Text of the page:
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Dominik Paquet
Laboratory for Neurodegenerative Diseases - LMU Munich
LMU, Schillerstr. 44, 80336 Munich
(+49-89) 2180-75 490
(+49-89) 2180-75 415

NEW: Learn more about Alzheimer research in zebrafish and see Dominik working at

DFG Science TV - Search for a Cure.

NEW: read about Dominik's work at SPIEGEL Online: Der neuronale Untergang (article only in german)

Neurodegenerative dementias belong to the most common forms of neurological diseases, more than 25 million people are affected worldwide, among them 1 million in Germany. Currently, no mechanism-based treatments are available. Since age is the major risk factor for these dementias, the number of patients will double until 2050, due to the increasing life expectancies of people around the world.
The neuropathology of Alzheimers disease, the most common form of dementia, is mainly characterized by the appearance of neurofibrillary tangles in neurons of the brain, as well as extracellular deposits of the Abeta peptide, called plaques. Tangles consist of filaments of a misfolded and posttranslationally modified form of the Tau-protein. Tangles are also a hallmark of other dementias, such as certain frontotemporal dementias. Dementias with Tau-pathology are therefore also termed Tauopathies.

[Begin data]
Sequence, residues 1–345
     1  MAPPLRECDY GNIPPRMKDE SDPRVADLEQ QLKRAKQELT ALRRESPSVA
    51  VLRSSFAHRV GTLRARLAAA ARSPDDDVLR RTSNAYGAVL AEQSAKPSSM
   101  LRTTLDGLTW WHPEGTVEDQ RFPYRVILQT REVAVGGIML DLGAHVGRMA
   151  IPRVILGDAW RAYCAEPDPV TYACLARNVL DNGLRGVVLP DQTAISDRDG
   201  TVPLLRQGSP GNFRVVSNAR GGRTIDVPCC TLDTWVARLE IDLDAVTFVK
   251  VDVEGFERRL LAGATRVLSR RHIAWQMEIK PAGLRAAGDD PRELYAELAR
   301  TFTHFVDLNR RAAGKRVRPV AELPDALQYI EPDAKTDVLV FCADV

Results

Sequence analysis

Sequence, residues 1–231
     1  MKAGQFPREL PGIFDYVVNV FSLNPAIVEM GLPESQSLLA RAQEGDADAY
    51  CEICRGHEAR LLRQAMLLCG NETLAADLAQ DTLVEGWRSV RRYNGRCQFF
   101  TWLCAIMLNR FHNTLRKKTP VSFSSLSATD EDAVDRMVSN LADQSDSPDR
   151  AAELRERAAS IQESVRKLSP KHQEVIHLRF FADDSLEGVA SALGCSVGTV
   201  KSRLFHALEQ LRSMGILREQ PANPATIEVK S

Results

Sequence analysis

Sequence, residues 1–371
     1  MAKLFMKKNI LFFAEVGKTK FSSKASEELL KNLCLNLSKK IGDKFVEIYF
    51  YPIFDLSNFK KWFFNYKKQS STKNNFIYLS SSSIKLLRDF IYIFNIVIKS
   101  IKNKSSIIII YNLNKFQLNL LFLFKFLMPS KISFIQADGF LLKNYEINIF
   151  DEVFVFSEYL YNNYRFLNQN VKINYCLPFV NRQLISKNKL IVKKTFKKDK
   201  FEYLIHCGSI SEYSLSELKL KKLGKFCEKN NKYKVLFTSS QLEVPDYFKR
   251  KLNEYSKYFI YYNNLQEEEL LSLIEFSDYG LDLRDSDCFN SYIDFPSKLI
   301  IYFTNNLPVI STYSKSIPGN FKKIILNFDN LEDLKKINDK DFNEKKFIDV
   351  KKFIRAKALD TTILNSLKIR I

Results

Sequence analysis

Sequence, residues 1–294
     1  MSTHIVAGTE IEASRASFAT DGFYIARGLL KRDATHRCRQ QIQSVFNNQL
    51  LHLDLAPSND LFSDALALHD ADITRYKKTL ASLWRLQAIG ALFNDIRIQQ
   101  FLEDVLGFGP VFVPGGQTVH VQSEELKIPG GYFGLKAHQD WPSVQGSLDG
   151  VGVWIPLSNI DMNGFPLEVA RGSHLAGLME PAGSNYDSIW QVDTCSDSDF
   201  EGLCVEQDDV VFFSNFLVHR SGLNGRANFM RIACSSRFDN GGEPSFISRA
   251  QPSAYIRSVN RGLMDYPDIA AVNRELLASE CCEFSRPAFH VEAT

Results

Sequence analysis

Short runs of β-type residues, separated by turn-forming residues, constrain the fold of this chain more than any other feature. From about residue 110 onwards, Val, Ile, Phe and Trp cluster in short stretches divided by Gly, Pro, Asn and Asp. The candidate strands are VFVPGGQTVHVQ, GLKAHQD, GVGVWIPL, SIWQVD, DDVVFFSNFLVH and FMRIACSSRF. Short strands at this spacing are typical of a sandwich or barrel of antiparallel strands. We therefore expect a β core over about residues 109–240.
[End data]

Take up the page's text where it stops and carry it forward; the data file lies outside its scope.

Current dementia research focuses on the questions, which degenerative processes take place early in the diseased neurons, why the cells die, and how this processed could be halted. Animal models are essential tools to study these aspects of neurodegenerative diseases. Researchers mainly use transgenic animals, in which a mutated human gene that accelerates the disease in humans was introduced. Due to the relatively late onset of symptoms in existing transgenic mouse models and the fact that it is not well feasible to use these animals for in vivo imaging of disease progression or large scale drug development, there is an unmet need for alternative animal models.
Therefore, during the course of this project transgenic zebrafish were developed as a model of Tauopathies, which express a mutant form of the human Tau-protein and rapidly recapitulate major disease symptoms.

An adult Zebrafish

Zebrafish are well suited for in vivo imaging due to the translucent body of the larvae. In addition, the small body size of the larvae allows performing large-scale drug development and in-vivo-validation approaches. In the Tau-transgenic zebrafish, the first pathologic alterations were visible after only a few hours: the human Tau-protein altered its folding and biochemical composition and was relocalized from neuronal projections to the cell body. Thereafter, first degenerative processes could be monitored, during which neurons died in the central nervous system of the transgenic fish.
This neurodegeneration, which is typically associated with Tauopathies, could be monitored in vivo under the microscope for several hours.

2 day old zebrafish larvae still inside the eggshell